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Interview: Better Capital chief Jon Moulton talks Brexit

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Veteran venture capitalist and outspoken EU critic Jon Moulton weighs in on why Branson is wrong and why British business would fare better out of Europe

Is Cameron for or against Brexit? Are British businesses keen to renegotiate a free trade agreement, or do they think that in the increasingly globalised climate, the UK needs the EU to survive?

Last week, in a letter published in the Financial Times, Sir Richard Branson, PR maestro Roland Rudd, BT chairman Sir Michael Rake, and CBI president Sir Roger Carr all called on Cameron to avoid a “wholesale renegotiation of our EU membership” fearing this would damage Britain’s “ability to attract new international companies to set up and employ people in the country.”

But today, famed venture capitalist Jon Moulton, who heads the leading London investment firm Better Capital, made headlines by weighing in on the debate. He joined a chorus of anti-EU businesspeople who want to see Britain out of the increasingly centralised EU, and who reject last week’s public outcry for caution by other more pro-EU business leaders.

LondonlovesBusiness.com talks to him to find out exactly why he believes Britain’s long-term interests would be best served by a new deal on Europe, and why Branson has got it wrong.

Why have you chosen this moment to come out publicly regarding your views on Europe?

I have not really decided that this was a moment to come out. It is just that the press seem to have picked up on this now, but I have been saying for quite a few years that being fully in Europe means that you are competitively disadvantaged to the rest of the world. You’re attached to a very low growth potential area and an area of relative decline – and that is before you move onto the more emotional things about sovereignty or the control of your investment.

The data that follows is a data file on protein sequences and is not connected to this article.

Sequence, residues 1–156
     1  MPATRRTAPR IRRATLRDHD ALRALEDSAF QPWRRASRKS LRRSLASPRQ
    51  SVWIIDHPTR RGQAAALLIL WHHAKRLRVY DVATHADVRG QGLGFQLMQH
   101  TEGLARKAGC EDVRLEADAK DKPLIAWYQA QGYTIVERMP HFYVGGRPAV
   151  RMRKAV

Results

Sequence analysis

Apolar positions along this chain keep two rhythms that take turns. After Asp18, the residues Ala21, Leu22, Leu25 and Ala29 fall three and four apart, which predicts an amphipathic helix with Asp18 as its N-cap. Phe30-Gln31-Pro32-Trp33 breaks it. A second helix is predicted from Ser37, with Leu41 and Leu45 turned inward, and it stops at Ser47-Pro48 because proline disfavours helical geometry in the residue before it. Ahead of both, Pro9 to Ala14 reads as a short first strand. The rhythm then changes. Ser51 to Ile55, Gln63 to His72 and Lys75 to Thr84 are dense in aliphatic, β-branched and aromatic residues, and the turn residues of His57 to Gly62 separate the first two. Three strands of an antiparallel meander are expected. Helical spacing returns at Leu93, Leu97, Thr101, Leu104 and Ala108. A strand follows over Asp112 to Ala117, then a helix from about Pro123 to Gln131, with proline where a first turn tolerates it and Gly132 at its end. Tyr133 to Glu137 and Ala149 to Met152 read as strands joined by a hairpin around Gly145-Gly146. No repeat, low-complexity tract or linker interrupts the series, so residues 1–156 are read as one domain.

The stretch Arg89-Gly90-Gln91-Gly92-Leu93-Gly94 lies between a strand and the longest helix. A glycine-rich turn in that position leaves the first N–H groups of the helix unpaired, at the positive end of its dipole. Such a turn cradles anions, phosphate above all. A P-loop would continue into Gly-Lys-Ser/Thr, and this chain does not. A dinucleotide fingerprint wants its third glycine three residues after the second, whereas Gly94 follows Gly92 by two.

So your statements are not linked to recent pro-EU comment by business leaders, including Sir Richard Branson?

Well it is quite easy for Sir Richard. He is headquartered in the Caribbean, so it is up to him whether he prefers to be in Europe or not. But I don’t quite know where he is coming from.

My personal position is not that we should have a free trade relationship as a rock bottom agreement. What we don’t need is a shooting match over every single possible kind of control over our sovereignty and behaviour, and walls and walls of regulations. We generate enough of these ourselves; we certainly don’t need any more.

London has benefitted from being Europe’s financial capital. Do you not fear that if it opts for a free-trade-style agreement, trading will be pulled from London and taken to Frankfurt or Paris?

That could well happen. That can’t be denied. But that could happen if we go into Europe too. We are already seeing European stock markets headquartered in Paris. There is no question that if we go into Europe we are just as likely to lose our financial services as being outside. It would be different mechanisms for losing [financial services], and possibly different timing. But it is perfectly possible that being outside Europe without the same regulation [as other European financial centres]would give the UK a stronger base, to become a base for Middle East, and Far East and emerging markets’ business.

The City is considered so successful, in part, because it attracts the best European talent. Do you not fear that moving to a free trade agreement would discourage them and make them move back?

It could actually work both favourably and unfavourably. It is very hard to judge. If Europe becomes a very dull, over-regulated place then brighter talent will go to places where there are opportunities to make money and operate more freely. That could well be London.

In the short term, if Europe decides to become vindictive and retaliatory – or just vindictive – then of course it could make London less attractive in the short term. But in the long term, I suspect, being a separate jurisdiction with a separate dynamic would give London a better position than being part of a very large, heavily regulated European financial centre.